EU: Yeah, it is surprising, I think. It’s surprising to me but it is tough to do. It’s difficult and it’s hard to do at scale. I think you can make these things for this sort of price – and you’ve seen one or two people manage while making sacrifices, often using a less good SoC. But Sony will be building 20,000 units a day, at peak, of the Model 2, and it’s really hard to do that.

So it’s that combination of cheapness and availability. There have always been small working computers. But often they weren’t available. They were a lovely idea but you just couldn’t buy them. They were not in stock – you had to wait for the next delivery, or for the next batch of 1,000 units to be made.

You can build a business around [Raspberry Pi] because you can depend on them existing – like with the Model B, we still build Model Bs – these guys have sold tens of thousands, probably, we’ve built new (old) Model Bs after the launch of the new Model B+, not just selling our old stock, but building tens of thousands of Model Bs to supply industrial customers who built a business around the Model B and they haven’t been able to transition to the B+ yet. And I think the same thing may happen with the B+ – we’ve sold a couple of hundred thousand B+s.

Despite Moore’s law, our computers don’t feel any faster than they did 20 years ago. Even an old Raspberry Pi has millions of cycles per second to use.

EU: It’s got a lot to do with Parkinson’s law too – work expands to the time available. So this is kind of the CPU version of Parkinson’s law. One of the things we’ve done with the Pi is refuse to accept that 700 million cycles-per-second in the processor is slow. I just won’t accept it. And people kept saying, “It’s such a slow processor.” and I’m saying “It can do 700 million things a second! Your high-definition screen has only got two million pixels. You can do 350 things to each pixel on your screen every second. How is that slow?” I don’t believe it, and [the Pi] has even got vector operations, and the FP [floating point processor] has even got multimedia accelerations, MMX-like operations. So I just refuse to believe that they’re slow.

We’ve spent so much money on open source software. We’ve spent so much money on the WebKit browser engine and Libav [for multimedia playback] and Squeak [an open implementation of the Smalltalk programming language] and PyPi [the Python Package Index] and KICAD [software for designing electronic circuits], LibreOffice, even. You look at these packages and you think well, I just refuse to believe that this should be slow. And you go through and you find out why. This is the thing no one ever does. Everyone has just been mesmerised. You could just sit on your arse and in two years time, everything will be twice as fast, and that’s coming to an end. So we’re kind of like the future. This increase in performance is not available to us any more.

But also, it hasn’t succeeded. Our desktops and our laptops are still slow.

EU: I’ve got a BBC Micro on my desk because I do word processing on my BBC Micro. I hit the button and it’s on. If I set the jumpers right I can even configure it to boot into a word processor in one second. Obviously we’ve gained a lot. But from a strict usability point of view it’s really surprising how much everything hasn’t got any better.

It’s one of the reasons why I like to ship RiscOS, because although RiscOS isn’t a modern operating system and it lacks lots of things, it does show you what you get if you took an OS from the mid-90s and don’t add any crap to it in the form of features people don’t need. And the answer is blindingly fast.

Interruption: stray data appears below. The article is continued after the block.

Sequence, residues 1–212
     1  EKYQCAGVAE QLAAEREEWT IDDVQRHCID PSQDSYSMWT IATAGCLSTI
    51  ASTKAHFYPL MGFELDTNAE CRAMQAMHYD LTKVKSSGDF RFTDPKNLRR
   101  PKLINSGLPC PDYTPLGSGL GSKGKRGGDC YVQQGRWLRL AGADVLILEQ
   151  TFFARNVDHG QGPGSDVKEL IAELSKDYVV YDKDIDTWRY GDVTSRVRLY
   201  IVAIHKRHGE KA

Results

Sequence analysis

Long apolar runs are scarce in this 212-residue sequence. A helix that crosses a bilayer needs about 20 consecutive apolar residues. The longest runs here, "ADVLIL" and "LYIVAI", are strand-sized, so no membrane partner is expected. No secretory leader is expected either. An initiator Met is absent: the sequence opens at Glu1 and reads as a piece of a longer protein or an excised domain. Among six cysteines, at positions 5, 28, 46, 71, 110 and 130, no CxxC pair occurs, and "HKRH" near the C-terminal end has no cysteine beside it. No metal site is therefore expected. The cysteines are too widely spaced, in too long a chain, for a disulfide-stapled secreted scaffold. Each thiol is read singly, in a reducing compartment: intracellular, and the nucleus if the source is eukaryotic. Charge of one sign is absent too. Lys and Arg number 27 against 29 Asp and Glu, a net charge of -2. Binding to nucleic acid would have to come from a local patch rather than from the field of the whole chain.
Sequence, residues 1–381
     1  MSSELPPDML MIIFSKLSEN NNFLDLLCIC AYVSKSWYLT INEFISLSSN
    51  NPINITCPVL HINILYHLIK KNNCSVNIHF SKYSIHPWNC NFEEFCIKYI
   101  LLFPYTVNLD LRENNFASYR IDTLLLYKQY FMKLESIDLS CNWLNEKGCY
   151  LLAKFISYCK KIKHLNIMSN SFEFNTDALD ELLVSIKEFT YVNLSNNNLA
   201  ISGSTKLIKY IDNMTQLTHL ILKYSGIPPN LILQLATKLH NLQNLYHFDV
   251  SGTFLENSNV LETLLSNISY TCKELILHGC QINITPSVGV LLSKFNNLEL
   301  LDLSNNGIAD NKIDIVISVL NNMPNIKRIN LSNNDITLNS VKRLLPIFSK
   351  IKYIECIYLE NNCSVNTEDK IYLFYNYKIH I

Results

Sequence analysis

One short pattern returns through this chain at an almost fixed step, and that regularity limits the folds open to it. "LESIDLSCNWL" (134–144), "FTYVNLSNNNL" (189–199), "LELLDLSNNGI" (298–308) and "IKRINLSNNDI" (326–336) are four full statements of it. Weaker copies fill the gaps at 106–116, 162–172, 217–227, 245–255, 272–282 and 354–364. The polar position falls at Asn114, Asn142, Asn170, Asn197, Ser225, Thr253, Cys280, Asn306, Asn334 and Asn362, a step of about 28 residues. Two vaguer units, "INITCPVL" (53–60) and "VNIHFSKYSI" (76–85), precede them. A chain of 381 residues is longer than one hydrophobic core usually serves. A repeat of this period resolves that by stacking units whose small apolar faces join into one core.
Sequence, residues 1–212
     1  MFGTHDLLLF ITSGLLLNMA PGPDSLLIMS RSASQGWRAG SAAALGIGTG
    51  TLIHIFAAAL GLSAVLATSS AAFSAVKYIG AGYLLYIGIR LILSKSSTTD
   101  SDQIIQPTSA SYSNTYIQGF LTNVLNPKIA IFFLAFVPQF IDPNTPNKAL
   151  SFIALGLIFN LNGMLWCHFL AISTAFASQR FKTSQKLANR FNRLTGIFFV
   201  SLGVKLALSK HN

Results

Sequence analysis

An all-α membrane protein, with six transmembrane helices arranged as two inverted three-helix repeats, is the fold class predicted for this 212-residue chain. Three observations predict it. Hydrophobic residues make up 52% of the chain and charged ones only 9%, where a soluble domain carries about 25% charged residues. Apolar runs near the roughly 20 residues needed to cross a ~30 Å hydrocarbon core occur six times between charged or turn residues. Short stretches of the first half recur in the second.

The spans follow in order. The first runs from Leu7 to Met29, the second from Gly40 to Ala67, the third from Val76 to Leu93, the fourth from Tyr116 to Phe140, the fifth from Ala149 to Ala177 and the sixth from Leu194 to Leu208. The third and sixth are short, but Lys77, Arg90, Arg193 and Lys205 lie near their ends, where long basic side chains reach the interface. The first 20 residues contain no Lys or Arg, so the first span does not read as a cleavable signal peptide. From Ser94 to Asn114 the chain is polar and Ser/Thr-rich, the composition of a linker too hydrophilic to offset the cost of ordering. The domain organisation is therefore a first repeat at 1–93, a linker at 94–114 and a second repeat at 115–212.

So what we’ve done with Pi 1, we’ve gone through everything. We’ve found out why it’s slow. We found out why the web browser was slow. And then we went through and we laboriously turned on features, because actually WebKit has got lots of great features, because it will run on mobile phones, but none of those features are turned on in any of the desktop versions. So we went through and we turned all of those on, plumbed in the video accelerators. We just did that work.

You’ve got WebKit and Cairo; we went through and we found every pixmap call they made and then we made sure they used the fastpath mode and made sure that all of them hit fastpaths rather than the generic and very slow CPU compositor format. Same with Libav – all your codecs and transport streams, remapped.

We’ve put two man years into Squeak and Scratch. Two man years on Pixman and Libav. Four man years on the web browser.

That’s a huge amount of effort to put in when you could have just doubled the CPU speed!

EU: Absolutely! There’s a factor of two improvement from all the optimisations we’ve made. It’s worth going back on the Pi and running an old image – go and run an image from March 2012. It’s amazing, the performance difference. It’s amazing how much of a difference non-optimised memory copy makes.

And you don’t have to abandon all that optimisation work with the new model?

EU: You don’t abandon that. We would have had to abandon it if we’d moved to a different SoC. So you’ve got that factor of two in the attention to detail. Some of that stuff will be ARMv6 specific, so we’ve got to go back and do that for ARMv7, so there is more work to do, but the nice thing having done it with ARMv6 is that we’ve now got a shopping list.

We know what attention to detail actually looks like – it looks like writing all of these functions and we’ll just go back and say, for each of those functions is there already an ARMv7 version? If there’s already an ARMv7 version, do we like it? If we don’t like it let’s rewrite it. If there isn’t one, can we use the ARMv6 function that we already wrote? If we can’t use it, then use the ARMv7 version. We now have a shopping list, a kind of handle-turning exercise that will make this platform better over the next six months.